Beit Furik, Huwwara, Tue 24.6.08, Afternoon

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Karin L. Chana K.
Seriously? Does this make us safer?

 Natanya translating

14:45 Huwwara

When we arrived the reception was a silent one. The soldiers did not respond to our greeting and when we tried to ask them why the checkpoint was empty (usually people wait about 20 minutes) they did not reply. On the other hand a driver of the "Masua Team, who was dressed half in uniform half with an ordinary shirt showed initiative and wanted to show his personal knowledge told us that we were no allowed to film. The checkpoint filled up and we kept on photographing. The commander, M., again said that we were forbidden to photograph and we told him that indeed we are allowed to do so  and that we were photographing civilians through the fence and promised not to photograph the faces of the soldiers. But he insisted that even from that distance he could make out the faces of the soldiers. We almost asked him in the tradition of childrens' riddles..."Look at the photo. Can you see the soldier?"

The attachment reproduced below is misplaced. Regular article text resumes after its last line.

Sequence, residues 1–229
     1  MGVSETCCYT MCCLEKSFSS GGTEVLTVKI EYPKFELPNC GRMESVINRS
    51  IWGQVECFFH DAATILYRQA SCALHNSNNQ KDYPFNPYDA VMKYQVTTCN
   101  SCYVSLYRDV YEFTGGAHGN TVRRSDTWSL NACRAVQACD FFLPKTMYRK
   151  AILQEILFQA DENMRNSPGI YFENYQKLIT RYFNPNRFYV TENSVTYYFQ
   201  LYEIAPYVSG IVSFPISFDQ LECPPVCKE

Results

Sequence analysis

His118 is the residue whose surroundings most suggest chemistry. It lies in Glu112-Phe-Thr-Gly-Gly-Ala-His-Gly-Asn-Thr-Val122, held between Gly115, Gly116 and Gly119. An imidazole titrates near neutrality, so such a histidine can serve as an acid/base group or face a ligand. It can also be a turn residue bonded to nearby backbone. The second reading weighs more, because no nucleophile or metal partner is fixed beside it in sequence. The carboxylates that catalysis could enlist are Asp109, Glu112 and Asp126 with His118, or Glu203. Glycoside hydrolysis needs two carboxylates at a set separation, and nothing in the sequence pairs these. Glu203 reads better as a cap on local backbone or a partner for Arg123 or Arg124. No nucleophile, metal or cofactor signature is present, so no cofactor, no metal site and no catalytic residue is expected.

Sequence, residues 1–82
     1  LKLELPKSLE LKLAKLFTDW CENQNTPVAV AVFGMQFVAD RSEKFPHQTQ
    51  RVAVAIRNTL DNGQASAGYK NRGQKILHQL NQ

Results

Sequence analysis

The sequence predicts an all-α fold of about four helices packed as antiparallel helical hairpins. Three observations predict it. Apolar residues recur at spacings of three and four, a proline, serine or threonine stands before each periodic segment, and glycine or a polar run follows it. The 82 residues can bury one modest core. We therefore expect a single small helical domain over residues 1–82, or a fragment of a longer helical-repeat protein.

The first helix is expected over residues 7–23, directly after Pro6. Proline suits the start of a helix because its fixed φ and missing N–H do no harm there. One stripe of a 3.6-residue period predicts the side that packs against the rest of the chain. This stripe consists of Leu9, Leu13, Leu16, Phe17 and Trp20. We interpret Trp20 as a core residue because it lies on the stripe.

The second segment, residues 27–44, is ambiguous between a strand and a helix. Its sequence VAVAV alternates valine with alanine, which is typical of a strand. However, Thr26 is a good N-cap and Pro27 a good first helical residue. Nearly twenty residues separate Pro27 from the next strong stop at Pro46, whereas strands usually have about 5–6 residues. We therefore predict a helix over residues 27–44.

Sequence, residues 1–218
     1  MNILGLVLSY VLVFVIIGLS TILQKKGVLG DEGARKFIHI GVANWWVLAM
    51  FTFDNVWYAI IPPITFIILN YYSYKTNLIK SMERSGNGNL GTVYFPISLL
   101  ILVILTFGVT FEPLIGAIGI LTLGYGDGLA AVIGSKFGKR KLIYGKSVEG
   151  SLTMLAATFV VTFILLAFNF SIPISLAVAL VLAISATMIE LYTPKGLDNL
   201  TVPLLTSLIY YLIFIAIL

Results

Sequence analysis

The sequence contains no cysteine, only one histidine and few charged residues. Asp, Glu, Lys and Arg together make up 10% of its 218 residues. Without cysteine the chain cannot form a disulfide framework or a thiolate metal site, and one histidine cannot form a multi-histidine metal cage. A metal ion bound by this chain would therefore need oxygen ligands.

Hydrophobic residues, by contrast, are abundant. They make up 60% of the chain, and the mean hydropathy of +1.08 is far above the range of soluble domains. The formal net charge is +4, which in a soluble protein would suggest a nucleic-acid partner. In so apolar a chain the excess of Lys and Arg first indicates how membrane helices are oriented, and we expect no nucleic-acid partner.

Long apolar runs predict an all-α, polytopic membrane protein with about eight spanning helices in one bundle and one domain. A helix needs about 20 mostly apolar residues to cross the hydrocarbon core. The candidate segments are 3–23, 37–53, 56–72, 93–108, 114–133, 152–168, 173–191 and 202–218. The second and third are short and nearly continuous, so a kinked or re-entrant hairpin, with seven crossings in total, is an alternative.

4.20 At Beit Furik
We met a man who had been detained for three hours and so the commander affirmed. He is a member of the Palestinian police and the commander said that he had committed an exceedingly severe traffic violation.  We were surprised and said that how could this be punishment when it was against the law for people to be detained as punishment. The answer was that had it truly been forbidden that regiment commander would not have allowed the punishment. After Karin's intervention we were promised that the man would be freed. 
The violation was that he had traveled on a forbidden road, the native, the local had stolen onto a road of the lords of the land, the Madison apartheid road.  Here "dafke" the commander started a pleasant conversation, asked what we were doing and politely explained to us that the land is all ours and Hebron has been so for 3000 years. He was not religious.
We left at 5.00.